Home / News / Crops news / USDA: Corn conditions unchanged, soybeans slightly better

USDA: Corn conditions unchanged, soybeans slightly better

Agriculture.com Staff 08/04/2008 @ 2:16pm

With the sharply bearish reaction on the CBOT trading floor Monday to whispers of continued favorable crop weather in the Midwest, it's clear crop weather is one of the -- if not THE -- major factors driving the marketplace.

But, even with favorable weather seen ahead -- like it's been in the last two weeks -- crop conditions aren't actually improving that much. That's according to Monday's USDA Crop Progress report. Conditions are good, but the clip at which they're improving is far from hare-like.

As of Sunday, 66% of the nation's corn crop was in good-to-excellent condition, unchanged from a week ago. Sixty-three percent of the country's soybean crop is in good-to-excellent shape, up one percent from last week. Even as the crops' quality is high, development remains just as it has been the last two to three weeks: Still in the ballpark of 10% behind the normal developmental pace.

While the near-term forecast is good for many areas' corn and soybean crops, there are pockets where farmers are experiencing tough conditions or starting to look ahead to what could be an early season-ender down the road: Early frost.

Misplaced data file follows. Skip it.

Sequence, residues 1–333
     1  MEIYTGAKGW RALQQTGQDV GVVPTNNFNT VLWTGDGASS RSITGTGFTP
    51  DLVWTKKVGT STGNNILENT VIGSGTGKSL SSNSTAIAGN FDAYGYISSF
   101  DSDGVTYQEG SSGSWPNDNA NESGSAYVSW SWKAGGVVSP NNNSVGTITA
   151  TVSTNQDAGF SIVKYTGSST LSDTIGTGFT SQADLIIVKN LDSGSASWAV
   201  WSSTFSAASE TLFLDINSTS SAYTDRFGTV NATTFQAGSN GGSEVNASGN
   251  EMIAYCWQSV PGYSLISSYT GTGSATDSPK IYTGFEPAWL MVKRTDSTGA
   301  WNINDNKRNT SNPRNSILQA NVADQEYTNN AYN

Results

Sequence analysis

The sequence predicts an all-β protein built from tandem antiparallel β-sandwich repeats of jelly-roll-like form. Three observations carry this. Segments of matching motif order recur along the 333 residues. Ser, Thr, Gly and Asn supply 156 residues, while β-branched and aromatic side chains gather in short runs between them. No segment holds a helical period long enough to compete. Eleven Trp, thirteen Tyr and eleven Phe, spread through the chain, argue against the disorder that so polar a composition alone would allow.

"In northern Minnesota, the newcomers and the ones with weak stomachs are starting to worry," writes Agriculture Online Crop Talk member mvp farms. "This might be one of those years we get burned up here."

"My corn went in around the first of May and beans were in by the 20th of May, so I'm not too worried. Normal frost around here is October 12," adds fellow Crop Talk member Jim Meade / Iowa City. "However, there are some late crops around here that might be pushing it if we have a frost by the end of September."

But, of more immediate concern to other growers is moisture. Even in this year where the moisture surplus has been the story, it's the lack of rain that's starting to stress corn in parts of the central and eastern Corn Belt.

"Here in west-central Ohio, the corn on the higher ground is going backward. We need rain now!" writes Crop Talk member 8570. Growers in north-central and northeastern Indiana report similar conditions.

With the sharply bearish reaction on the CBOT trading floor Monday to whispers of continued favorable crop weather in the Midwest, it's clear crop weather is one of the -- if not THE -- major factors driving the marketplace.

CancelPost Comment
MORE FROM AGRICULTURE.COM STAFF more +

Farm and ranch risk management resources By: 07/07/2010 @ 9:10am Government resources USDA Risk Management Agency Download free insurance program and…

Major types of crop insurance policies By: 07/07/2010 @ 9:10am Crop insurance for major field crops comes in two types: yield-based coverage that pays an…

Marketing 101 - Are options the right tool… By: 07/07/2010 @ 9:10am "If you are looking for a low risk way to protect yourself against prices moving either higher or…

MEDIA CENTERmore +
This container should display a .swf file. If not, you may need to upgrade your Flash player.
Looking Out for Soybean Cyst Nematodes